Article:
At the ripe old age of 7, Sarah Davasher-Wisdom knew she wanted to advocate on behalf of the business community when she grew up. This past January, the Holland, KY native’s dreams came true in a big way. After working for Greater Louisville, Inc. for nearly six years, she replaced former president and CEO Kent Oyler to become the first female leader of the organization, which represents 1,700 local businesses across all industries. Meet our inspiring new FACE of Louisville, Sarah Davasher-Wisdom!
How does it feel to be the first female president and CEO of Greater Louisville, Inc. (GLI)?
I am incredibly proud and honored to be the first female president and CEO. With that being said, I look forward to the day that female leadership or diverse leadership is not an anomaly. I hope my leadership inspires other women and female youth to consider themselves in similar roles.
Can you tell us a bit about the journey to your current position?
From the age of 7, I knew I wanted to advocate on behalf of the business community, and every step I took after that was with that goal in mind. After I graduated with my bachelor’s degree from Western Kentucky University, I held various government affairs positions for a former congressman, the Corps of Engineers, and the Tennessee Valley Authority. I worked to get my Master of Public Administration in the evenings, and I completed various certifications to further enhance my resume. In 2014, when I became aware of a VP of Government Affairs role at GLI, I knew it was the job for me. At that time, I did not imagine that six years later I would be leading the organization; however, I eventually realized I could advocate for the business community in ways that go beyond public policy. My work is fulfilling and meaningful every day.
What does a typical day in your shoes look like?
If there is one thing I have learned, it is that there is no such thing as a “typical day.” My most productive work time is in the early morning, so that is one part of my day that is pretty standard. If I am really lucky, I sleep until 5 a.m., and then I get right to work on the most urgent, strategic project on my task list. I stop after a few hours to exercise and clear my head, and then I am in meetings throughout the day. In the pre-pandemic world, there might even be an event that night. My role requires constant pivoting and shifting of priorities so we can ensure GLI is working on behalf of the business community in the most effective way possible.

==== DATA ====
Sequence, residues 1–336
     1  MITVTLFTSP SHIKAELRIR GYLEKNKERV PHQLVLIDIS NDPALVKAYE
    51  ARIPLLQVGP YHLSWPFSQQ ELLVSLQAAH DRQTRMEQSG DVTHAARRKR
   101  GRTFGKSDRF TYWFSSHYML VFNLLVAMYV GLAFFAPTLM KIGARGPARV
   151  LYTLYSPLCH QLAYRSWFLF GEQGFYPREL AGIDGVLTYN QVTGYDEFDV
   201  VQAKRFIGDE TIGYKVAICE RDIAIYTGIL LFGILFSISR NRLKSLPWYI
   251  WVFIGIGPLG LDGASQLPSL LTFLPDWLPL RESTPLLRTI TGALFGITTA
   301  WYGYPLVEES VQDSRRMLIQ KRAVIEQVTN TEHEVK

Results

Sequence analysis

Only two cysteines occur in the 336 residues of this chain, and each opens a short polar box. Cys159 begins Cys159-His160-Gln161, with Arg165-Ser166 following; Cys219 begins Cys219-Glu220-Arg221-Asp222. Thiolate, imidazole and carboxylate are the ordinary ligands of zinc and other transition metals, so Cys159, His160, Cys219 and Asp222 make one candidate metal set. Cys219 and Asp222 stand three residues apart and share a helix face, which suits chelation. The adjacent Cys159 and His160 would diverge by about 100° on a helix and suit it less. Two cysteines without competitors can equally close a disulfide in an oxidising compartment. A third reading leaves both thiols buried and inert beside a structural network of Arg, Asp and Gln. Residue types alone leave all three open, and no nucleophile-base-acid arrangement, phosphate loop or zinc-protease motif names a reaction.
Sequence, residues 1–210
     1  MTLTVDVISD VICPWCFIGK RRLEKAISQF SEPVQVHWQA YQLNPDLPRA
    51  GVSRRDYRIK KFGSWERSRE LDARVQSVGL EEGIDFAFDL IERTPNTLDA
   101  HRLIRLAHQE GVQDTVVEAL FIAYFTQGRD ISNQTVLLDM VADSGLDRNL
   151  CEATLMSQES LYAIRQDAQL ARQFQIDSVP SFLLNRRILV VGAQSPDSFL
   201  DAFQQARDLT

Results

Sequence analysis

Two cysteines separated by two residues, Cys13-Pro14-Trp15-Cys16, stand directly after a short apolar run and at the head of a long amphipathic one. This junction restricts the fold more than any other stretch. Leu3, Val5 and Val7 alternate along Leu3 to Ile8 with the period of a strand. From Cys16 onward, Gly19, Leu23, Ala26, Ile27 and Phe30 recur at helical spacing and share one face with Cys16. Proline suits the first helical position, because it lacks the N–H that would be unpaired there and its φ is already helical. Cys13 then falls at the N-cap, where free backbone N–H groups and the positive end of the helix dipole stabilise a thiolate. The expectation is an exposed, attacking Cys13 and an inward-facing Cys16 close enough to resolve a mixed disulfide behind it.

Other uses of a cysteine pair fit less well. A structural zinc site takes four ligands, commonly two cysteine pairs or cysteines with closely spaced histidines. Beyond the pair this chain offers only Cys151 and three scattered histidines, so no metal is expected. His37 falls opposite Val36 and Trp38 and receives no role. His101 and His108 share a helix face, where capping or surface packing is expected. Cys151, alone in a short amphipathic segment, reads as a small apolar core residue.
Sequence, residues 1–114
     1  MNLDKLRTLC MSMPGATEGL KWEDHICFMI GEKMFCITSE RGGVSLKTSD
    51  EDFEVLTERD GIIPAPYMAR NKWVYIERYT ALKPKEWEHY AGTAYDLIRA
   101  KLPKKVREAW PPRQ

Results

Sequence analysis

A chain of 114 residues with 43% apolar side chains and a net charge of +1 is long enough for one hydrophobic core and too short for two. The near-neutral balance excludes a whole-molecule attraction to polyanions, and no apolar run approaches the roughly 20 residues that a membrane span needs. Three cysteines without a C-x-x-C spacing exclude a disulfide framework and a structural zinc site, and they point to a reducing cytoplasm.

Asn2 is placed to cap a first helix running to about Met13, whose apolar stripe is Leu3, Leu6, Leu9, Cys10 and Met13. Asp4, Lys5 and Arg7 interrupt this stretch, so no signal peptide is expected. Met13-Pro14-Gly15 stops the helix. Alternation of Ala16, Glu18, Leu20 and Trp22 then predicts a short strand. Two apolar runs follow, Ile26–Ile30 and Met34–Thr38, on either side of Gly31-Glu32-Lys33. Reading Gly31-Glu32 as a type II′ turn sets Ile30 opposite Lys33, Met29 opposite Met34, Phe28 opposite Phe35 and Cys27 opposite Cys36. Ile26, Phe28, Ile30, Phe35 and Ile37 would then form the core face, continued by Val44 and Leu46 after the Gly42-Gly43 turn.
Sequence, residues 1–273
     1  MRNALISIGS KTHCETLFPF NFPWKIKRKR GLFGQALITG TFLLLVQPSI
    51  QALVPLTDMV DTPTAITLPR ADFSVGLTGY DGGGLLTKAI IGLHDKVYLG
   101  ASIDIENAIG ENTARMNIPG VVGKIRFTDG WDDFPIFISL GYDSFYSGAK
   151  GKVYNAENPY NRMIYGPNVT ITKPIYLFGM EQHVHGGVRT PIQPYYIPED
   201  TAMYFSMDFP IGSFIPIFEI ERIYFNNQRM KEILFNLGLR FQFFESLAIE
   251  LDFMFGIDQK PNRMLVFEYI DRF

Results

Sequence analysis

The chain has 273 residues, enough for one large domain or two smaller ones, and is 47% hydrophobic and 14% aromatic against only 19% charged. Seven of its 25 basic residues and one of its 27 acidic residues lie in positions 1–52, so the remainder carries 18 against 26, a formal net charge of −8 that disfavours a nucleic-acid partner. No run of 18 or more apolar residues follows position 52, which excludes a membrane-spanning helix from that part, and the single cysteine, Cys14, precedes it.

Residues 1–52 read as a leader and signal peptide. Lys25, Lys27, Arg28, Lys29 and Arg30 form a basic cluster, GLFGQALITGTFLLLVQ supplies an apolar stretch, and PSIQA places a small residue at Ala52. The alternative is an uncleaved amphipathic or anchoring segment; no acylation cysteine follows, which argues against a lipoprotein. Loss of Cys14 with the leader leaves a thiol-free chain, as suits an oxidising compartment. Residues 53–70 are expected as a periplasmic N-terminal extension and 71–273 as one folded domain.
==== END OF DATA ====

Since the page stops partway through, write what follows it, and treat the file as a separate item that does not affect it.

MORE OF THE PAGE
What is the best part about being the new leader at the helm of the Louisville Metro Chamber of Commerce?
GLI works on big community projects and major business issues, so in this role, I feel like I am making a difference each and every day.
What is most challenging?
The role does come with problems to solve and challenges to overcome. The pandemic has required our organization to pivot in many ways because businesses have suffered greatly from both the required closures and consumer health concerns to patronize brick-and-mortar businesses. We have been on the front lines of sharing information on loan programs, helping healthcare providers obtain PPE early on, and then helping businesses acquire PPE for their returning workforce. As a result, we have been tightly connected with our federal delegation on pandemic relief legislation.
In addition, recent events have brought to light the need for the business community to help address racial inequities that have existed in our community and throughout the nation for hundreds of years without proper action. Our core mission is growing the regional economy, so we must do more to support members of our community who are disenfranchised or excluded from economic opportunities. Previously, GLI’s role in this might have been a bit narrower, but our executive committee and board made a deliberate decision to expressly say that racism has no place in our society, and we want to do our part as the business community to join the call for accountability and reform. Our work to form a minority business accelerator and undertake major equity initiatives under the “Inclusion” pillar of our NOW Louisville strategic plan is important, challenging, and a little scary at times because I hold myself and the organization to a high standard; failure is not an option on this issue.
What is the best piece of advice you’ve ever received?
The best advice I have received is to stand on the promises of God rather than the problems of life. Faith is a very important part of who I am, and I remind myself of this advice frequently. It is so easy to get overwhelmed with life, but there is a greater purpose to it all.
Aside from faith, family and friends, what are three things you can’t live without?
Well, if you remove those things, I’d have to say kitties, Nespresso, and wine!
All photography provided unless otherwise noted.
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